Coachella reminds us of a lot of things: new music, old music and that there’s no shortage of floral head garlands in California. But for some reason, festivals like it have become synonymous with co-opting cultures. Past installments have seen women wearing bindis (see: Vanessa Hudgens), men and women wearing native headdresses (see: Victoria’s Secret model Alessandra Ambrosio) and some girls making the choice to wear Nathni nose piercings (see: Kendall Jenner). There’s no real reason this should be happening, and yet it’s become part of “festival fashion.”
That is, it seemed that way until this year, when, for the most part, the fashions were quite tame. An onslaught of pre-Coachella stories online warned guests to skip the patronizing and offensive displays, and Noisey even provided would-be Coachella-goers with a handy flowchart on when it is appropriate to pack a native headdress for the weekend. (Spoiler: it’s never.) But then of course, it happened anyway. Someone spotted this:
Just when I think that this year’s Coachella is Free of Native American headdresses, I see this guy. pic.twitter.com/IfL6UN1hdA
— chloedancer (@chloedancer) April 18, 2015
While going from hundreds of poor choices to tens of bad decisions is definitely a good thing, their existence is still indicative of a larger phenomenon. And one headdress was nowhere near the most offensive article donned by festival-goers. Because one man chose to wear this:
— Jemayel Khawaja (@JemayelK) April 12, 2015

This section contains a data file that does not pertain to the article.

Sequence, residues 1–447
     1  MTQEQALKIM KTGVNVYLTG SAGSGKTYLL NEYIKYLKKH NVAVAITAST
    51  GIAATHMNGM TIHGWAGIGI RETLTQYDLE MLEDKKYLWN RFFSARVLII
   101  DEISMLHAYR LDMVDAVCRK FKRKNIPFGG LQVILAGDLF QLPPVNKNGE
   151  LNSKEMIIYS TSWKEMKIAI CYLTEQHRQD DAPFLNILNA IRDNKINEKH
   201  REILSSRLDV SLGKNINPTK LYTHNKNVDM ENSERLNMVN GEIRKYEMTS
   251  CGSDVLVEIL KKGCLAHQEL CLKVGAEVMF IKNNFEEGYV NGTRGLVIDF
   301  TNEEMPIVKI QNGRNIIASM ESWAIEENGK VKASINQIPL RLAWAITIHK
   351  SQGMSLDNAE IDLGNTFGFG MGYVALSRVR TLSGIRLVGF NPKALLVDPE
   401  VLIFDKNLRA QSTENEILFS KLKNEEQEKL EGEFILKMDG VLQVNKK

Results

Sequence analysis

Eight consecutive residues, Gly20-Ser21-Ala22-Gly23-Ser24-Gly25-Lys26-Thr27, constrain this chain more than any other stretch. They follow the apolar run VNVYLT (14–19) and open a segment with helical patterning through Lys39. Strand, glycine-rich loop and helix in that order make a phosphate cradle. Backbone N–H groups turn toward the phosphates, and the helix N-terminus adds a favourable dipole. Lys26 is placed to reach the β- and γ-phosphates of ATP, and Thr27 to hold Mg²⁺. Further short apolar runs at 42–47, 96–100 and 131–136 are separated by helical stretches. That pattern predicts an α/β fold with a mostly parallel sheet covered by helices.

The t-shirt reads “Eat Sleep Rape Repeat,” and after much sleuthing online, we can’t seem to find the company that makes it. There are plenty of “Eat Sleep Rave Repeat” t-shirts, but as it stands, the shirt in question seems one-of-a-kind. So, this man actually went into a store and got it made, or perhaps the wearer made it himself. Whatever the case may be, it’s a horrific statement to be making.
Sure, there may be naked men and women mucking about in the mud, and that might not be to everyone’s taste, but there’s nothing entirely offensive about the freedom to be able to do that. And while Coachella may be witnessing an easing up on the vaguely – and overtly – racist fashion statements, the impulse to push boundaries hasn’t let up entirely. Shirts like the “Eat Sleep Rape Repeat” ones aren’t edgy, and they point to an illusion that rape culture is something that exists and therefore should be accepted – in the case of this man, he seems almost proud of it.
Perhaps someone should brew him a tea and explain to him what consent means and why his t-shirt belongs in an incinerator.